Congenital amegakaryocytic thrombocytopenia (CAMT) is a rare, inherited disorder characterized by a severely low number of megakaryocytes, a type of bone marrow cell that makes platelets that are important for clotting and preventing bleeding. Initially, the bone marrow no longer makes platelets; over time, the bone marrow may stop making red and white blood cells, as well.
CAMT is usually diagnosed anywhere from birth to nine months but often in a child’s first month of life. There are two forms of the disease:
Children with CAMT are treated at Dana-Farber/Boston Children’s Cancer and Blood Disorders Center through our Bone Marrow Failure Program. Continue reading to learn more about congenital amegakaryocytic thrombocytopenia or visit the Bone Marrow Failure and Myelodysplastic Syndrome Program page to learn about our expertise and treatment options.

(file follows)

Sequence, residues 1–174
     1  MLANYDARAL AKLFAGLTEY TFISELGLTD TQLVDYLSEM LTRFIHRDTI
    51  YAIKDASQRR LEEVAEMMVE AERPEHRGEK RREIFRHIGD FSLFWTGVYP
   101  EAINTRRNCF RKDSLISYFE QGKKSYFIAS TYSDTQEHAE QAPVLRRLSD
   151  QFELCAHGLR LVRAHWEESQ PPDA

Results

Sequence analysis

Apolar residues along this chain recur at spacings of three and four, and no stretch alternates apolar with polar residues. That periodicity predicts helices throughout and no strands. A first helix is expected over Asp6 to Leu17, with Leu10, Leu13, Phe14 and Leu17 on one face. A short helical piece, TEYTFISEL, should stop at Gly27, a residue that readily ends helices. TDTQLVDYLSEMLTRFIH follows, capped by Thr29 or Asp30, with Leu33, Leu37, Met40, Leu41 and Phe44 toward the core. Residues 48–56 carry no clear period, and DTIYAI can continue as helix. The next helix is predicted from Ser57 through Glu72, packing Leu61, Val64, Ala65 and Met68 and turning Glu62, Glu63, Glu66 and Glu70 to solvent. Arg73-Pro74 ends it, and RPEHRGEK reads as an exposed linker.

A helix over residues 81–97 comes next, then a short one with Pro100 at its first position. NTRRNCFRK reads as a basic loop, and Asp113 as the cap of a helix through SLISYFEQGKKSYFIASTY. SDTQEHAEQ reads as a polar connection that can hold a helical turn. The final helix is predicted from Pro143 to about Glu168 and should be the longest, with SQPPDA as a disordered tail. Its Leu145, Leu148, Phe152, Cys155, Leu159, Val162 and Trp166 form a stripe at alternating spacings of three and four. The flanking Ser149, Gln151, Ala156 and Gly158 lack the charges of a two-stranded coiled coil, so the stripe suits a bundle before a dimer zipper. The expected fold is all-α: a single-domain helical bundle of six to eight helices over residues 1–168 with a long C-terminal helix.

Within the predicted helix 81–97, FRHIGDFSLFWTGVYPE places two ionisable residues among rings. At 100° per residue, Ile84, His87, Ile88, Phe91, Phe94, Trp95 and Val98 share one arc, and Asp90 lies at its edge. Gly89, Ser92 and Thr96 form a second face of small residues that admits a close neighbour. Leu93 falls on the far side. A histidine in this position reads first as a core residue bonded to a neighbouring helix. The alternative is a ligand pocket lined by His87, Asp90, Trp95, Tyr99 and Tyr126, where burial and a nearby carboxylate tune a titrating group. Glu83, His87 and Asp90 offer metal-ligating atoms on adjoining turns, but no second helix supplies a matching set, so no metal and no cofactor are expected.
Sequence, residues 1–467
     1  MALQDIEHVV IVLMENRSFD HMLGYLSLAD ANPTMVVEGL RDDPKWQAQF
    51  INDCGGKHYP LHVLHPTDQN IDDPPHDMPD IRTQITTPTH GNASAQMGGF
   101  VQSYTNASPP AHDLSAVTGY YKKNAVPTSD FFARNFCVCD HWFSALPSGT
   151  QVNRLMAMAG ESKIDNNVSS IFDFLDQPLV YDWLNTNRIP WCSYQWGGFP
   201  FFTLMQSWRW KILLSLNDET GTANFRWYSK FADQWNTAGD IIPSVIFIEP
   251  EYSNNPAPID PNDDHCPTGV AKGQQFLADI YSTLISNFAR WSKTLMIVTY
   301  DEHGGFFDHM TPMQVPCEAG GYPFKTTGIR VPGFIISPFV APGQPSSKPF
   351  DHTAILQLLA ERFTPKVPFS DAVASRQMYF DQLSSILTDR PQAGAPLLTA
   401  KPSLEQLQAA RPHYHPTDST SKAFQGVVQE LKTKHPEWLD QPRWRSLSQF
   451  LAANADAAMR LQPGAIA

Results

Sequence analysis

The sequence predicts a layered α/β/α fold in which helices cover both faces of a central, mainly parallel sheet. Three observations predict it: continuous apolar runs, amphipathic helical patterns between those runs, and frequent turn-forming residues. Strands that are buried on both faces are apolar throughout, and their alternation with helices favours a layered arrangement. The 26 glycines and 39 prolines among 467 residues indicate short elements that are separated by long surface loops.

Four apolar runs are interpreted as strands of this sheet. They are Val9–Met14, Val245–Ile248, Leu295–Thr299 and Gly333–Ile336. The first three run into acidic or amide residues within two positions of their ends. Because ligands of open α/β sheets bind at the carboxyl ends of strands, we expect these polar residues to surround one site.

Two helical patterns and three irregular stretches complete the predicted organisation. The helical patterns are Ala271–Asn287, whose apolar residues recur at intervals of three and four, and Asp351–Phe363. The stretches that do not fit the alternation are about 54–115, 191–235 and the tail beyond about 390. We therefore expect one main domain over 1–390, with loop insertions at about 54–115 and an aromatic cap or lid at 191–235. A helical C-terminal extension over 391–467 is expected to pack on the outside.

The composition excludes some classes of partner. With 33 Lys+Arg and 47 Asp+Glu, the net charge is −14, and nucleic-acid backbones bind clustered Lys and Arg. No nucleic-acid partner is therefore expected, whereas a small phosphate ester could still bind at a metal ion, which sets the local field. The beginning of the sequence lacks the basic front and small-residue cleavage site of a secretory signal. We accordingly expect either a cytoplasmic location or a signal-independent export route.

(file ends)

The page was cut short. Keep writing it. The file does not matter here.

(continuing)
The most common
symptoms of CAMT are:
Children with CAMT can also have central nervous system abnormalities, retardation of psychomotor development, cardiac defects, and other rare malformations.
Initially, CAMT can
be misdiagnosed as immune thrombocytopenia (ITP), an autoimmune disorder that occurs when the body
destroys platelets too quickly. CAMT is diagnosed with:
After all tests are
completed, doctors will be able to outline the best treatment options.
Treatments for congenital amegakaryocytic thrombocytopenia (CAMT) include: